Dr Boulcott, the Principal Dental Surgeon at the Practice uses the animals to help overcome the fears of very anxious patients, especially children whom the technique particularly benefits. Dr Boulcott explains:
“Patients, particularly children, both boys and girls, often present to this practice with a heightened anxiety towards dental treatment. Many of these fears stem from a previous bad experience at the dentist or doctor and so they view us when they arrive here with deep suspicion. This makes them very difficult to treat as there has been a loss of trust. A vicious cycle of mistrust is then ingrained if the dentist ignores their concerns and attempts to treat without their full understanding and cooperation. Gaining trust within such children is very difficult within a clinical environment. The child expects unpleasant behaviour from the dentist and, sadly, is often is not disappointed. What we do here at Herbrandston is to try to break this cycle by taking the child out of the surgery and showing them that dentists can be nice people: can be friendly and can relate to them and their problems. How do we do this? Well we take them out and show them some of our animals.”
Dr Boulcott with Matilda the Pig. Brie the Ferret.It has been psychologically demonstrated that certain palliative procedures such as warming of the skin prior to surgery can significantly relieve anxiety. Dr Boulcott believes that similar interactions occur when a subject strokes an animal. Further, he believes that by showing a child (or certain adults) an unusual animal; stroking a ferret, touching a pig, stroking a sausage dog, it not only helps calm anxieties but it gains confidences. By doing this with the clinician, trust quickly develops as the child relates the dentist with fun things, not bad. As a result, their first visit to the dentist passes as a fun event and they are far more willing to return. Trust is formed and treatment can slowly proceed at a pace that best suits that patient.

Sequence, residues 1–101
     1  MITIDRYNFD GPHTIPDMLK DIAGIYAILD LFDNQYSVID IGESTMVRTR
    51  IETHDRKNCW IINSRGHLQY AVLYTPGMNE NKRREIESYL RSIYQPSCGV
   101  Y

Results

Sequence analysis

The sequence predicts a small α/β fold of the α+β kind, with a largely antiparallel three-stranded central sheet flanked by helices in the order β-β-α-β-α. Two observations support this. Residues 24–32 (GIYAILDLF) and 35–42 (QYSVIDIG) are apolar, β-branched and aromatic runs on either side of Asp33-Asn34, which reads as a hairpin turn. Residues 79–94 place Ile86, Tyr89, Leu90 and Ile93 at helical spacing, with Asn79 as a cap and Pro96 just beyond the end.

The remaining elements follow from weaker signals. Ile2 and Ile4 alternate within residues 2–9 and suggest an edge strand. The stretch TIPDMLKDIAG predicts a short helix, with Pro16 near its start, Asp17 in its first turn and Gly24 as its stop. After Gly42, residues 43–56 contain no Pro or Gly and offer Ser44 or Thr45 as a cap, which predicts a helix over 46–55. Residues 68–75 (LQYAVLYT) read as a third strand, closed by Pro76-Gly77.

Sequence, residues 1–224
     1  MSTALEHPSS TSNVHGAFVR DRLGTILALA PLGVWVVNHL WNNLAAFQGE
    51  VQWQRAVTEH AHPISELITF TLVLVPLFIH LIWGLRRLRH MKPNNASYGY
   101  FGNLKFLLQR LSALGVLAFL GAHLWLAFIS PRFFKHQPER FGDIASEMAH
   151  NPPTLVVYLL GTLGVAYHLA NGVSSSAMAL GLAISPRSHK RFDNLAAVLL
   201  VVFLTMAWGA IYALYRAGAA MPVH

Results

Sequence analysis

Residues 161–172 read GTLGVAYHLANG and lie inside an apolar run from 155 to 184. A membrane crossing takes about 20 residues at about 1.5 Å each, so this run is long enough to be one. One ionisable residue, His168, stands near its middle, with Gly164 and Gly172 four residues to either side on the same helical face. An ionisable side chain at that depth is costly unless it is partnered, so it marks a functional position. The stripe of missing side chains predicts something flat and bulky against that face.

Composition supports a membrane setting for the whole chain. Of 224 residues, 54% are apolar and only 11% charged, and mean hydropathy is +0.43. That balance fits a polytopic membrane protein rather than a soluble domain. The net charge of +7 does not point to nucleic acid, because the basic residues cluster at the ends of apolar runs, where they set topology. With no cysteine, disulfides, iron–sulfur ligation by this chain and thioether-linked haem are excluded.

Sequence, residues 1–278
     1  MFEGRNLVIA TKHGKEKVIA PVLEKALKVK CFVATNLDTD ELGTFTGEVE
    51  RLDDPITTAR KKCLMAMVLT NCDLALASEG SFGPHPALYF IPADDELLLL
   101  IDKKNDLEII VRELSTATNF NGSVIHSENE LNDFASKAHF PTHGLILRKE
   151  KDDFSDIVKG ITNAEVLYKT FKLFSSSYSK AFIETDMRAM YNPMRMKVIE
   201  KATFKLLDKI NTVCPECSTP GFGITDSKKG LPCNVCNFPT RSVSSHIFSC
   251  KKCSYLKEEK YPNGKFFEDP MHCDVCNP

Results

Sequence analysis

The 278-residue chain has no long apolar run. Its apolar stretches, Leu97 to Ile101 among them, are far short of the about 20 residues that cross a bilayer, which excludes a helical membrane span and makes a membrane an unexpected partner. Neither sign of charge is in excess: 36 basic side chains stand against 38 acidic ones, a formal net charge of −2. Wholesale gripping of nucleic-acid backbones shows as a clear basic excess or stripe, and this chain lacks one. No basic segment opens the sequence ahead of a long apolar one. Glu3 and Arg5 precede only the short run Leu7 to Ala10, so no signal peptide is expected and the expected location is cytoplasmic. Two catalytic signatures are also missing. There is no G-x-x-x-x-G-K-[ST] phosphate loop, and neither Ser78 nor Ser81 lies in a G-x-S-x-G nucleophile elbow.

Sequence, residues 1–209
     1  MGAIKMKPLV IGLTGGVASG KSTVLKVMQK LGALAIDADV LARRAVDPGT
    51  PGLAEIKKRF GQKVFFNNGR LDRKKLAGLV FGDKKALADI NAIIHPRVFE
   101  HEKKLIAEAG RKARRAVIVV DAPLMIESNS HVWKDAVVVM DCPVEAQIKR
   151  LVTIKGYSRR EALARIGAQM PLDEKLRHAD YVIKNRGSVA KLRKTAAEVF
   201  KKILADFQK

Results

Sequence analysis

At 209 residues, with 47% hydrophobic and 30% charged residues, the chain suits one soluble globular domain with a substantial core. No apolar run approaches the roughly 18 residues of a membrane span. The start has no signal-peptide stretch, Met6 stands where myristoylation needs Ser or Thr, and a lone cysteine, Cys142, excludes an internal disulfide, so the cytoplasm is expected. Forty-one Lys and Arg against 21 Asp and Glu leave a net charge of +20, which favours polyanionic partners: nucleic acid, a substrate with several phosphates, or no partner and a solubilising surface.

“It is a technique I came across by accident when showing curious children my ferrets” Dr Boulcott explains. “Most children are fascinated by animals and to touch them with an adult engenders friendship and trust. Once trust has been re-established, treatment can proceed and we always have a mutual topic of conversation at next appointments. It may not work with every anxious child, but it always a good starting point. For those it does help, such trust engendering, relaxation techniques are far better for the patient than drugs or even general anaesthetic.
Trust in one’s clinician empowers the patient. I have had many cases where previously very anxious, even phobic, patients have slowly come around not only to accept treatment but to go on to accept surgical solutions carried out simply under local anaesthetic. Provided such trust is always reinforced, you have a willing patient who will accept the need for their treatment. Our animals simply help engender this trust and are remarkably successful in doing so.
As far as I am aware, I am probably one of the very few dentists within the UK who uses such techniques and both patients and I greatly enjoy the experience.”'


Bolding is mine - Brit